Friday, 15 April 2016

Anger Over Changes to the IBI Program

There has been a lot of uproar about the changes to Ontario's publicly funded IBI program.  It's been very confusing trying to figure out just what the government is doing.  And a lot of parents are justifiably upset.

As I understand it, the government will be cutting off children over the age of 5 from receiving treatment.  There has been talk about a separate program for children over the age of 5, but no one seems to know the details or how long such a program would take to set up or who would qualify.  Families whose children are getting kicked off the waitlist will receive $8000 in funding, which is about 2 months of private therapy.  (For those wondering, that's barely enough time to get a program started and would be absolutely useless in terms of therapy.)

On the one hand, I can see the government's point of view.  The treatment model they use is really only effective for preschool and kindergarten level children.  So it makes sense to concentrate on making sure those kids get that treatment rather than making them wait long enough that it's no longer effective when it arrives.  (Most kids are diagnosed between 2 and 4 and the wait times are 18 months to 2 years.)

Going forward, the wait times will be shorter and children will receive the therapy when it's most effective.  That's good.

But there has to be a better way to deal with the transition than simply discarding entire groups of children whose only crime is to need help and be of the wrong age group.  That's the part that parents are angry about and they should be angry about it.  My children aren't affected and I'm still furious about how the changes are being handled.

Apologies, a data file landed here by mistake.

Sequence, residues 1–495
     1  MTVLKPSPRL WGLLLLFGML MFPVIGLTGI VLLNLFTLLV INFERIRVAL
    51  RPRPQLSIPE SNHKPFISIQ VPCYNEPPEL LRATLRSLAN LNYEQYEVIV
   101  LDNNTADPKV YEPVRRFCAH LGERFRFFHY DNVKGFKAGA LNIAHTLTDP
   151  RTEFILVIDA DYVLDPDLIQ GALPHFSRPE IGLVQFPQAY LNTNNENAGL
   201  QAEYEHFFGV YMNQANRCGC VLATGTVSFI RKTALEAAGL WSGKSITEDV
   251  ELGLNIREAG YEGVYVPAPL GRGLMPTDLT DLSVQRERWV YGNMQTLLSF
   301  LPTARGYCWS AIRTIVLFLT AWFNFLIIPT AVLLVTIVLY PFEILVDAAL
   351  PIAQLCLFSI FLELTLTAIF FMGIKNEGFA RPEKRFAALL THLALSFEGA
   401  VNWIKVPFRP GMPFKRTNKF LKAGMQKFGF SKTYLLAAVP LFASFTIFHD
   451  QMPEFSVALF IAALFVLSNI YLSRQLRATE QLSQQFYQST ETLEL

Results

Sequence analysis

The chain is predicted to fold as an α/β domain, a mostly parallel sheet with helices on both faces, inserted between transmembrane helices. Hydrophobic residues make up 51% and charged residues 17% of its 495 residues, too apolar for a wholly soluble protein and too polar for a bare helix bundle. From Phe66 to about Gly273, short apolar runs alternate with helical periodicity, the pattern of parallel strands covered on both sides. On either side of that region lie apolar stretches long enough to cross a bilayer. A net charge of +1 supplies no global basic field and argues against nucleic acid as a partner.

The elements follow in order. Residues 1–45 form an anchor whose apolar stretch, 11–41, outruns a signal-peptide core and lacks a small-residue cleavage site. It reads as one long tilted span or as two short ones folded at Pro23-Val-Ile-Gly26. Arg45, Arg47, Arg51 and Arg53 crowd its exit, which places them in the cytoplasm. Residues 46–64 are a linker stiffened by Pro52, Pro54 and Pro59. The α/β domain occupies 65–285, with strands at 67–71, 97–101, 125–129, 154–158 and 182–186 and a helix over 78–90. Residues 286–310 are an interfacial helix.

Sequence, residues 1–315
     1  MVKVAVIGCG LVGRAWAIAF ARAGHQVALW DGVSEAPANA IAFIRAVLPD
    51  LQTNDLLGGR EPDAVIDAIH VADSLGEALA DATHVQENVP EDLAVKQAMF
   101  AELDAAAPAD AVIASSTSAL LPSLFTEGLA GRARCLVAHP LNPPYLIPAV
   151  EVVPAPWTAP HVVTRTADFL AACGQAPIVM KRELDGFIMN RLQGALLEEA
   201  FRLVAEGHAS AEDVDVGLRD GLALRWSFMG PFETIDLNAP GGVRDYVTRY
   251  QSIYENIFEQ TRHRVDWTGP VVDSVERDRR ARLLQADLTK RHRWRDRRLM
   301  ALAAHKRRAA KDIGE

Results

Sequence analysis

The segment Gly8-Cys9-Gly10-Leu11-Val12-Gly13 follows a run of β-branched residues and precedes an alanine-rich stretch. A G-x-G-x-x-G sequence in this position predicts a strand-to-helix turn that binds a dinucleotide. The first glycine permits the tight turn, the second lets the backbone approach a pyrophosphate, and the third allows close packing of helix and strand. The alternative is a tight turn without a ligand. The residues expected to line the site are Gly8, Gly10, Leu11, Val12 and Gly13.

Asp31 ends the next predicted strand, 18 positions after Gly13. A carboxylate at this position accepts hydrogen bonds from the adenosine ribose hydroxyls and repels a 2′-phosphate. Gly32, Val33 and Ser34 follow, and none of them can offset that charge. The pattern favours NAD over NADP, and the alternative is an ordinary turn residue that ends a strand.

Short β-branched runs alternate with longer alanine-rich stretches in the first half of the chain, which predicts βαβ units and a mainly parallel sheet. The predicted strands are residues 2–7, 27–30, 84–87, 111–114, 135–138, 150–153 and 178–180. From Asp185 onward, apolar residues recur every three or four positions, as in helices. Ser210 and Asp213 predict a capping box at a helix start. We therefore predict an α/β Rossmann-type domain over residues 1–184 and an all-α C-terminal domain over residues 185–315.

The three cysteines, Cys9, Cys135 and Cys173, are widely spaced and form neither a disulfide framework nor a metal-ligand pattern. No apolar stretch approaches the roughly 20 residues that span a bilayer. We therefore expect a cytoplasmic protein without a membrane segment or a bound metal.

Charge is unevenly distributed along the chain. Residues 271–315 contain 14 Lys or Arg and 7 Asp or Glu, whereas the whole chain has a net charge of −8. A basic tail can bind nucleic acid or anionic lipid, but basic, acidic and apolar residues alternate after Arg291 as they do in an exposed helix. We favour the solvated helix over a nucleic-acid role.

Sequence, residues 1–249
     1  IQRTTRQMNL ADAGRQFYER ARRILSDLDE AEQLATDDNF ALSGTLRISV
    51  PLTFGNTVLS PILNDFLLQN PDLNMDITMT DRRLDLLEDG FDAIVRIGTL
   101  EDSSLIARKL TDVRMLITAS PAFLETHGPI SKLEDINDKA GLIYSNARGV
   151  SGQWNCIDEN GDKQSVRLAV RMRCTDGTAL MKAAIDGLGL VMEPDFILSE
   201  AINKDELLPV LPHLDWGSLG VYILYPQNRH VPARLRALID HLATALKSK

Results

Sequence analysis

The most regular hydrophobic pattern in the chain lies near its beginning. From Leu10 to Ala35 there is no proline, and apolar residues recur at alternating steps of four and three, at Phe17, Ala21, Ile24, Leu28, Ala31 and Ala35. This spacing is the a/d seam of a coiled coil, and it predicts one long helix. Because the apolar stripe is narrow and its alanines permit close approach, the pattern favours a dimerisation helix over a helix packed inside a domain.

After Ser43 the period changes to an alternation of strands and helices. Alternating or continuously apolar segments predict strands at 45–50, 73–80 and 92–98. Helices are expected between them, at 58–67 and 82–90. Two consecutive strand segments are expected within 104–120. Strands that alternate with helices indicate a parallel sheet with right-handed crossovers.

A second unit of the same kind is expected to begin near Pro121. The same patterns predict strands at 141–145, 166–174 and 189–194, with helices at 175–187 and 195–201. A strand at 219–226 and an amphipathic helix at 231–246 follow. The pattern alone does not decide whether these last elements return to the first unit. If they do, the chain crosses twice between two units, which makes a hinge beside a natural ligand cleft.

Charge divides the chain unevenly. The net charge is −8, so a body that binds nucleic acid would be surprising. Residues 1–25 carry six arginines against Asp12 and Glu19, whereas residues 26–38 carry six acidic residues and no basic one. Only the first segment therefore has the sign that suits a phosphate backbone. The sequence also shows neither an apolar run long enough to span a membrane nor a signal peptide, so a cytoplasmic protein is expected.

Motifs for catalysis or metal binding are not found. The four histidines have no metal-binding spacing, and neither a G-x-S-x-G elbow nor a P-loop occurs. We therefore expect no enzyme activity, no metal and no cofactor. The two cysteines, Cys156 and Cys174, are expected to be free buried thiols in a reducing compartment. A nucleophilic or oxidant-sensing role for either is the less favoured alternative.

Now, I don't agree with the plan of action being presented by most parents, which is to demand that their children still get the therapy.  That therapy isn't effective on older kids and I believe that after waiting years, these children are entitled to the most effective treatment that science can deliver.  If the government doesn't have a program to deliver it, then they should be doing direct funding to allow private programs to take up the slack.

I'm not going to cut the government any slack on this issue.  They've known that the wait times and treatment ages were a problem for over a decade (since this was a debate back when Alex was diagnosed).  They've known how important it is for children with autism to receive treatment and how expensive that treatment is for families.  They've known how much stress the financial and emotional burden places on parents.

Telling a large group of desperate people that "too bad, sorry, we're not giving the help we promised" is not acceptable.  The current program is the equivalent of kindergarten and the children being cut are at Grade 1 or 2 levels.  Promising them more kindergarten is not acceptable.  They deserve appropriate services at their appropriate age and developmental level.

Stop pretending that the challenges these families face can be easily brushed aside.  These children are Canadian citizens.  They deserve more than "too bad" from their leaders.

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